The Puerto Rico Risk Assessment’s results show that the main risks that pose a threat to the Island are hurricane force winds, floods, earthquakes, landslides, and liquefaction. Each year, as tropical storms and hurricanes bring more rain, thousands of homes face these risks. Recent seismic activity has also highlighted the need to mitigate risks for households due to these natural disaster events.
The Multi-Sector Community Mitigation Program (MSC) provides vulnerable communities the opportunity to relocate outside of risk areas, such as floodplains, liquefaction-prone land, and coastal areas threatened by rising sea levels and erosion. The communities selected to participate in the MSC Program will implement a Participatory Design process with the help of the Puerto Rico Department of Housing’s (PRDOH) resources.
Community residents who wish to participate in the MSC Program will engage in a Participatory Design process to determine:
Potential Relocation Site
Potential Housing Development Options
Potential Community Features
These determinations will be used to complete a viable Community Relocation Proposal that must count with at least sixty percent (60%) community resident support and which will be submitted to PRDOH for their final approval and implementation.
WHAT IS PARTICIPATORY DESIGN?
Participatory Design, also known as Codesign, is a design methodology in which an architect designs a project with the input of community residents. It is an educational process based on democratic principles in which an exchange of knowledge and experiences takes place between the architect and the residents. In this exchange, the architect identifies the residents’ needs, while promoting that community habitants evaluate the space they live in. It is through this exchange that the architect, along with the residents, develops architectural alternatives for the current space to achieve a better quality of life for the entire community.
The Participatory Design process that the MSC Program participants will undergo will be conducted by architects provided by PRDOH. Through community design workshops, these architects will be responsible for guiding the communities in determining a potential relocation site, potential housing development options, and potential community features.
PRDOH is conducting an investigation of its database to identify community scale relocation proposals previously submitted by municipalities, governmental entities, non-governmental and non-profit organizations. The following are data sources reviewed and referenced during this investigation:
- CDBG-MIT Public Hearings: Citizen participation through the delivery of Presentations or Executive Summaries.
- Mitigation Project Proposals Registry: Proposals received by PRDOH as part of their outreach efforts for the development of the Puerto Rico Mitigation Action Plan.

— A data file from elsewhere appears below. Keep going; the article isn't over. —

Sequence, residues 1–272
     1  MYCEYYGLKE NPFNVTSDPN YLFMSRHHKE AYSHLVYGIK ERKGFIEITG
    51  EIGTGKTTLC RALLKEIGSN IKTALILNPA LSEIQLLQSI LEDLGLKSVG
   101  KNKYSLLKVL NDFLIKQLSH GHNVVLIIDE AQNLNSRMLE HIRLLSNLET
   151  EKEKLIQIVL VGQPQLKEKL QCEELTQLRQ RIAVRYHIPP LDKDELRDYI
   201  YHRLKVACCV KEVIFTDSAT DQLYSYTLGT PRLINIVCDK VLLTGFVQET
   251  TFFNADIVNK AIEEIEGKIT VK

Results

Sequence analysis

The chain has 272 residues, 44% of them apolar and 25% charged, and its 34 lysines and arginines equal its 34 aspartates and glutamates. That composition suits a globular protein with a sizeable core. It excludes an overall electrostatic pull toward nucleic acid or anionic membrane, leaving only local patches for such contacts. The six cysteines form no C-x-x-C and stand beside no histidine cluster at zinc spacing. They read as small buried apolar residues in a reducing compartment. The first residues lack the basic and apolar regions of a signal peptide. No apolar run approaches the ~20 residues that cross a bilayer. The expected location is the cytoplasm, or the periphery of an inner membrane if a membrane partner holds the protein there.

- Municipal Recovery Plans: Presented to PRDOH by CDBG-DR Municipal Recovery Planning Program (MRP) participants.
- Community Planning and Capacity Building Programs Relocation List: Provided to PRDOH by the Federal Emergency Management Agency’s (FEMA) Community Planning and Capacity Building Program (CPCB).
- Risk Mitigation Plans: Municipal Risk Mitigation Plans developed for FEMA’s Hazard Mitigation Program (HMGP). The plans include communities’ input to identify Puerto Rico’s risks as part of Hurricane María’s recovery efforts and project proposals that could be potentially implemented with funding availability.
- Municipality Survey: PRDOH surveyed Puerto Rico’s 78 municipalities in late 2022-early 2023 to confirm which communities in their jurisdiction had previously requested relocation.
The communities which the proposals sought to relocate are going to be listed according to their Risk Score as specified by the Puerto Rico Risk and Hazards Dashboard.
The MSC Program will open Invitational Rounds to target communities with the highest Risk Scores. There will be no more than one Targeted Community per municipality and the amount of targeted communities per Invitational Round will be determined through feasibility assessments conducted by PRDOH.
A Targeted Community’s participation will depend on their designation of a Targeted Community Representative (TCR). The community must entrust its TCR with the authority to make decisions in its name and they, in turn, will serve as a link between the community and the MSC Program.
- Unit of General Local Government (Municipal Governments)
- Non-Governmental Organizations (NGOs) (501(c)(3)) or Not-for-Profit Entities, such as:
- Faith-Based Organizations
- Community-Based Organizations (CBDO)
- Conservation or Natural Resource Organizations
- Public Housing Authorities
- Public-Private Partnerships with one (1) of the aforementioned entities
Once a targeted community proposes a TCR to apply to the Program on their behalf, the proposed TCR must submit a Community Letter of Intent to PRDOH. This document must demonstrate community and local stakeholder support, as well as decision-making authority on behalf of the community and its residents. This includes evidence that their designation was approved during a community meeting through a democratic process.